Ever heard of: Carob syrup? Dextran? Diastatic malt? Diatase? Ethyl maltol?
Sugar has stealthily invaded every part of our lives... of the 600,000 items found in grocery stores you'll find sugar hiding in 3/4 of them.

Let's go back in time, before sugar was able to be extracted from corn, or be injected into bologna.

(PLEASE EXCUSE THE LENGTH OF THIS BLOG, IT WAS TWICE AS LONG, AND HALVED 4 TIMES, BEFORE DOUBLING AGAIN, DEPENDING ON HOW MUCH SUGAR WAS DRIVING MY BRAIN SYNAPSES )

Sugar, over the millenia, has caused war and disease, and slavery, and destroyed entire civilizations.

Think I'm being melodramatic? Hysterical?
Actually, I'm pulling punches.
I urge you to read "Sugar Blues" by William Dufty, written in 1975.
Sugar has to rank as the most powerful and destructive commodity in the human experience. Oil, gold, diamonds, wood, gunpowder.
Pick any of them. Sugar trumps it.

Read the book and you'll agree with me.

Sugar was THE cause of the trans-oceanic slave trade that commenced in the early 16th century.

Dufty discusses the infamous "triangle of trade" that tore apart African families for centuries!
Islands throughout the West Indies would be invaded, and converted into sugar cane plantations. The European ships would then arrive filled with slaves; drop them off and leave with casks filled with molasses. (for rum production in northeastern America, or Europe). It was a sign of wealth and opulence to have raw sugar casually presented on your lace-covered tables during high tea. It was fun to have a bottle of rum in front of you.

Over the ensuing centuries to follow, the Carribean islands' tear-stained soil would be turned into useless dirt and the islands would be abandoned, one by one.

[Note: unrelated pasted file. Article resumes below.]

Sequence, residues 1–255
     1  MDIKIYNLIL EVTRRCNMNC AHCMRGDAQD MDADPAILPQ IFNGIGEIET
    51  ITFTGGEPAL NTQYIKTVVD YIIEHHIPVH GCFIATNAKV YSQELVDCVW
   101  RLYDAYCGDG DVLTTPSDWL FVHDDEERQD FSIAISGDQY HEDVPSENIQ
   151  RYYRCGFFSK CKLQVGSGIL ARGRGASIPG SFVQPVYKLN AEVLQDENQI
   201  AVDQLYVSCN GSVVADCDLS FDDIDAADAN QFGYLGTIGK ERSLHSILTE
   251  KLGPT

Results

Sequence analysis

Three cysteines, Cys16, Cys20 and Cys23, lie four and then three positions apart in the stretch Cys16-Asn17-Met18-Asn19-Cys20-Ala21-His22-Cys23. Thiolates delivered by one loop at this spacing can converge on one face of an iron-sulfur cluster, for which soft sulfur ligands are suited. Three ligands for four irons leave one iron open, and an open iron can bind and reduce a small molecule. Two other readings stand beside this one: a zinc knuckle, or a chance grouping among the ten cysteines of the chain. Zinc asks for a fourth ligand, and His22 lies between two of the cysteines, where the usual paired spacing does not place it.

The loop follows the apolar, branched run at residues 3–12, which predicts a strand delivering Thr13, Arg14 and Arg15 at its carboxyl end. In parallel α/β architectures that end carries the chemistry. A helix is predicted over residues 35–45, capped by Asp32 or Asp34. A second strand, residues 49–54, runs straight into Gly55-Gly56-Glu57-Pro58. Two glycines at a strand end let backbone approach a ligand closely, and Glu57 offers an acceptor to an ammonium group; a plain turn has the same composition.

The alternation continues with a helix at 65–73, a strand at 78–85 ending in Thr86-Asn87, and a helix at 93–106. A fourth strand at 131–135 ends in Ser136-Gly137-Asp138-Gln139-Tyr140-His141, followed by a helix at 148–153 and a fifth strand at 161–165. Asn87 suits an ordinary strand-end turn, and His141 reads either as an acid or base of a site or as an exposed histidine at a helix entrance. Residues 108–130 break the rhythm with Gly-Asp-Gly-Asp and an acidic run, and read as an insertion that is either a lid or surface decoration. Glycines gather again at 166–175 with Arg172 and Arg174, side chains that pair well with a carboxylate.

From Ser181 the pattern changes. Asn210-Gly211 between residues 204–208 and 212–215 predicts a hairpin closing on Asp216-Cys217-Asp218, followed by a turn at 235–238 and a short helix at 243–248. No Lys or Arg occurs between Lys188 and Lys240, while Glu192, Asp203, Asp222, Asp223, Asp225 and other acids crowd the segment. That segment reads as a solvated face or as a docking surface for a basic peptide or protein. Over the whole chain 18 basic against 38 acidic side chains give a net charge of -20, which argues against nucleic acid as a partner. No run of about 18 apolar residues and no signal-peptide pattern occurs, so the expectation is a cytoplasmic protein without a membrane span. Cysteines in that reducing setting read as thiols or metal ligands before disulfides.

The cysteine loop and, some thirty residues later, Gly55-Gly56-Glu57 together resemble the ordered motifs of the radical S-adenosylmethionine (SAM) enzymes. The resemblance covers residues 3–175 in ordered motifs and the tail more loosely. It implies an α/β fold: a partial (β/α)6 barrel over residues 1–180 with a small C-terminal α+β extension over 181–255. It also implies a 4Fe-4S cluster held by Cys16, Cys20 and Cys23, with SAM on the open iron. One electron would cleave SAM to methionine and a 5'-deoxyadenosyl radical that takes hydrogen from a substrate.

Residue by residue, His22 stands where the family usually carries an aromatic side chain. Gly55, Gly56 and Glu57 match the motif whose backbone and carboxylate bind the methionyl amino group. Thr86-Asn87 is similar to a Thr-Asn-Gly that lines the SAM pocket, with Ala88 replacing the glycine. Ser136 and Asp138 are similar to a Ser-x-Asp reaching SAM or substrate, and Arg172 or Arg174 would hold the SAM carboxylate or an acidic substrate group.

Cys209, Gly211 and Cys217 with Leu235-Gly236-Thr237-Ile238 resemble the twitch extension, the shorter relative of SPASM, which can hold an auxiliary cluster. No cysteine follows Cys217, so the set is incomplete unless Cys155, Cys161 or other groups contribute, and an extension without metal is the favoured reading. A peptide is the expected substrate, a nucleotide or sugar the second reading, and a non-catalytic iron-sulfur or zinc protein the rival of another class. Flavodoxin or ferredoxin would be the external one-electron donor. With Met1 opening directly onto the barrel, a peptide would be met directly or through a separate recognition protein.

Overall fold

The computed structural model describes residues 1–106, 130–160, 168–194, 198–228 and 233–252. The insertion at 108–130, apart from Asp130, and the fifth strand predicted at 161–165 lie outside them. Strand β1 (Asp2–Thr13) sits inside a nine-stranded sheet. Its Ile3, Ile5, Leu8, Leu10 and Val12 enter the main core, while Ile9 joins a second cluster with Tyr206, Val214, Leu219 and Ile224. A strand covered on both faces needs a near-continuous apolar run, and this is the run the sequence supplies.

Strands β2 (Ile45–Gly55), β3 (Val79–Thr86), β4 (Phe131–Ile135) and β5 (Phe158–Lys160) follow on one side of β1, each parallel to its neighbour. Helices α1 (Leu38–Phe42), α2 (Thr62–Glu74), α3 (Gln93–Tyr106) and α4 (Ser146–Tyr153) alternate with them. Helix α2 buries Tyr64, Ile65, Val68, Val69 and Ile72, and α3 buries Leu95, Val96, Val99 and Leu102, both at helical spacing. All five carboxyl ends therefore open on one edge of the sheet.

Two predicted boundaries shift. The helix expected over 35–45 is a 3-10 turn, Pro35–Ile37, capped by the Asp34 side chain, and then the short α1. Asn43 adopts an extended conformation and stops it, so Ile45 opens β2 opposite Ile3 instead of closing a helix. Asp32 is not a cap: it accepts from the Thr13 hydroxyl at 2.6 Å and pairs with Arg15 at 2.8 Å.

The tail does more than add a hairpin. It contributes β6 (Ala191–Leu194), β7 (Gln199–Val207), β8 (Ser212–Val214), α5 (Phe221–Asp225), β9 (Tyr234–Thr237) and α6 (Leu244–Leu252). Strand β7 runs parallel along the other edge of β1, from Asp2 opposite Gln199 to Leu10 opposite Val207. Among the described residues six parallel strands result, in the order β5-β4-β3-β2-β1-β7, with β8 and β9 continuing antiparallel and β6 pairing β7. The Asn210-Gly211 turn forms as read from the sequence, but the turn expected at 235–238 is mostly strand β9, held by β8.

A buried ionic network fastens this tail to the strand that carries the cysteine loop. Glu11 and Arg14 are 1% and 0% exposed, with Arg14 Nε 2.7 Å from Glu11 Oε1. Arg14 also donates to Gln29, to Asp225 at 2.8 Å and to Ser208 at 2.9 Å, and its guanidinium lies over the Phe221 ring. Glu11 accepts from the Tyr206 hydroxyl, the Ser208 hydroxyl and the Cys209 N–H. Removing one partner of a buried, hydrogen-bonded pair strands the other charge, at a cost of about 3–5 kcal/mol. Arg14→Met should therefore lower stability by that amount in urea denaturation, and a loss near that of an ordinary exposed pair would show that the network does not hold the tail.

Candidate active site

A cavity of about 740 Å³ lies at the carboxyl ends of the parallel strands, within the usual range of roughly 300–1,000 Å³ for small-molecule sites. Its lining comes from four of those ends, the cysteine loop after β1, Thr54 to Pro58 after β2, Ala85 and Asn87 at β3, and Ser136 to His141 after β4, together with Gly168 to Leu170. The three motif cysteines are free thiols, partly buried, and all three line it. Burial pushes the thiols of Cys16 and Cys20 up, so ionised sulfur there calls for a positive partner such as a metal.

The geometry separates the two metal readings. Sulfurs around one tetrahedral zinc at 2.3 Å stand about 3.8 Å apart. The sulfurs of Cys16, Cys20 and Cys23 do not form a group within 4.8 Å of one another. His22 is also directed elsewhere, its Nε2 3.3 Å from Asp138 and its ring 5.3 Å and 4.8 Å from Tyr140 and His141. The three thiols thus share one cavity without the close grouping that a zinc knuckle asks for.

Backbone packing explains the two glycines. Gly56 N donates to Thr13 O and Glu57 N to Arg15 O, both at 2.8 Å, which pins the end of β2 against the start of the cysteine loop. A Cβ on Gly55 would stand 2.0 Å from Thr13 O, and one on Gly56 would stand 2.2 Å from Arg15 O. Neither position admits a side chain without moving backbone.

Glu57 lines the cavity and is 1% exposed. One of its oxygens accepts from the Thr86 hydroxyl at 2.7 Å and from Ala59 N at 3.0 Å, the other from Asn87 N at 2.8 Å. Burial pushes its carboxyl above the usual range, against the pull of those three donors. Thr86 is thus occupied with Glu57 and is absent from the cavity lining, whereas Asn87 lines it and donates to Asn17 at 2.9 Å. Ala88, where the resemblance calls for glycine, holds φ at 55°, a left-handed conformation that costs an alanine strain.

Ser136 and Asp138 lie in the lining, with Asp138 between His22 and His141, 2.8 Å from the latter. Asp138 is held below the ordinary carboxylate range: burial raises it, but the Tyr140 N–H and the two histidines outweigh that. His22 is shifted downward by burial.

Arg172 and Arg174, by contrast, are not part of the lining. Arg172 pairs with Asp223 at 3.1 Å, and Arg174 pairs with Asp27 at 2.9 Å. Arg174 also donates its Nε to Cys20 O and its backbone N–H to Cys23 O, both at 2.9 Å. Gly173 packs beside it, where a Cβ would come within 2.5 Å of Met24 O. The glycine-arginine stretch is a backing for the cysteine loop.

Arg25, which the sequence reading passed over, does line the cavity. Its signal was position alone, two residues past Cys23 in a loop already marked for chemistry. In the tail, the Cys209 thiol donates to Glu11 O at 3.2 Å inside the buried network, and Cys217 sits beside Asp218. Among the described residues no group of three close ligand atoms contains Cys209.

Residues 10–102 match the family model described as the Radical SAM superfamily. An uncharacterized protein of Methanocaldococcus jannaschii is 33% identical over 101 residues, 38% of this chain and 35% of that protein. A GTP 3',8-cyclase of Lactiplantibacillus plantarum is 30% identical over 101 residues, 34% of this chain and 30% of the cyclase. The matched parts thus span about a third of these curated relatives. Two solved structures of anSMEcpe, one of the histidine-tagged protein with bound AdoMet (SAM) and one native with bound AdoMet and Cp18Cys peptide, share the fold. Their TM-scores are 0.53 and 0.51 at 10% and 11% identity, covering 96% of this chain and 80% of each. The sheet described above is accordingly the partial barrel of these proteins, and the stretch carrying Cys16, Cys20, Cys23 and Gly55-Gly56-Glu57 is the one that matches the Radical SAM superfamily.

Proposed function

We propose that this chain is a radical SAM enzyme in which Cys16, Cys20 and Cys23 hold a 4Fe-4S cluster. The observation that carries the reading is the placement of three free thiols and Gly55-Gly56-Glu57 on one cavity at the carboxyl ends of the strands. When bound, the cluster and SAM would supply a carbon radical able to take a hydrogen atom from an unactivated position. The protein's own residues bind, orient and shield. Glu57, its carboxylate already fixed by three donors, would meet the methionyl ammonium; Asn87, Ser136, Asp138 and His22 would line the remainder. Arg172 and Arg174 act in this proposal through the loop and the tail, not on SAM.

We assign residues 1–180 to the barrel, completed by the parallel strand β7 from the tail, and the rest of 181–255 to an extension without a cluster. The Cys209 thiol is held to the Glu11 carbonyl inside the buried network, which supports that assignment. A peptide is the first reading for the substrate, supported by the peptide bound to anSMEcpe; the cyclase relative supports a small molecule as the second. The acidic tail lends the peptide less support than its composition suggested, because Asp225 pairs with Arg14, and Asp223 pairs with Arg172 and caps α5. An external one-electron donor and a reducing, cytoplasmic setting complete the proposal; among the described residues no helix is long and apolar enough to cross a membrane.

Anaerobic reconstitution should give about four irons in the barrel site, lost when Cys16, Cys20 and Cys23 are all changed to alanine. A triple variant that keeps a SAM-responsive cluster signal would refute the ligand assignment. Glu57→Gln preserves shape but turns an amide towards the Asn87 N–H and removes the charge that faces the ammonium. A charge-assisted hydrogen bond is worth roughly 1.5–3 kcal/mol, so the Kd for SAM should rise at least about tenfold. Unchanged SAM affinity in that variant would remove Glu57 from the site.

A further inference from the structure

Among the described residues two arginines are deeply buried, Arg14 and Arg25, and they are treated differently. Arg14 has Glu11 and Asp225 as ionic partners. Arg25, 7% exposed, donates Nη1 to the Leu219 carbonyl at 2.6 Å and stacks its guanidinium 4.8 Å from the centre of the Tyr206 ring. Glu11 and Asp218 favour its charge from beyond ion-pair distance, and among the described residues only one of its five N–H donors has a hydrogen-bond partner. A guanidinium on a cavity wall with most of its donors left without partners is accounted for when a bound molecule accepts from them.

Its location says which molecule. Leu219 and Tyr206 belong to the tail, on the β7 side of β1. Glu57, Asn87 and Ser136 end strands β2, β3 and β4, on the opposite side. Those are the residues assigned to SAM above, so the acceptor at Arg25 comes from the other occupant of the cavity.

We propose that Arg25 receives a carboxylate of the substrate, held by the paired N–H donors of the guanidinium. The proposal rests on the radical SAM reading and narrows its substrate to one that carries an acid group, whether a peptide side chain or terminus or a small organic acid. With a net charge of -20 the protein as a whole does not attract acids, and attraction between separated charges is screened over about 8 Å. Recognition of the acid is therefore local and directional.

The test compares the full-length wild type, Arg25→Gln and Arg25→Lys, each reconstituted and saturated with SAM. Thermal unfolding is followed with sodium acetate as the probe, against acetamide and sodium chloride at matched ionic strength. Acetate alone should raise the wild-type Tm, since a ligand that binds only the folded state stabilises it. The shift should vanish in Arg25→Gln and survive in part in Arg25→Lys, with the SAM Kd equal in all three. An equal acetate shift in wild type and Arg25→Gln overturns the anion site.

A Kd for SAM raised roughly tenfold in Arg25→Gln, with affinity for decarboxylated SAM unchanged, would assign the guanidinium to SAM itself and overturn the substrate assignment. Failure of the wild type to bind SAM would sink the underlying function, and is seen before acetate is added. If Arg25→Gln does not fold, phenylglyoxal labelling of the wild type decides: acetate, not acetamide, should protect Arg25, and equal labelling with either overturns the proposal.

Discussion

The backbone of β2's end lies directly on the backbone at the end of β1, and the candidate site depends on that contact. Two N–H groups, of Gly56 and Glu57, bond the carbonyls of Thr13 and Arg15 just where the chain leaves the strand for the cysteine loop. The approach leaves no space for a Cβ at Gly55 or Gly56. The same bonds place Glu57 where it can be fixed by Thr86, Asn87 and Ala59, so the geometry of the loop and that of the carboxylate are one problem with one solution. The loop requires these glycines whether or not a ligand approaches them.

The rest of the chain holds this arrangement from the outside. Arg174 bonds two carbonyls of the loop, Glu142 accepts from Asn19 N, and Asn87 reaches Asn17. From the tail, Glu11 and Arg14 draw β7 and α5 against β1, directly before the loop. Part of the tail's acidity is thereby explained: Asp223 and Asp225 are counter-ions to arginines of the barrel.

-go visit the long-since abandoned sugar plantation on St John, the Cinnamon Bay Estate. It's both fascinating and depressing.

I urge you to read the book. It isn't as depressing as I just implied. While regaling you with history you thought you knew, it will make you take stock of your daily sugar intake... and it might change your life, for the better.

Sugar has accompanied me like an imaginary friend since that haircut in 1964.
How can I ever forget the pillow cases filled with candy at Halloween... I would trade 5 Baby Ruths for one of those little maple sugar candies shaped like a leaf.
...my childhood was made special by candy, and sugar, in all its forms.

My brothers and sisters and I would make butter and sugar sandwiches. Anything to deliver sugar...

When I was a young boy I would push my way to the counter of Patrick's Country Store in Old Saybrook; demonstratively placing my crumpled dollar bill onto the counter like Charlie Bucket buying his Wonka Bar. Hyperventilating: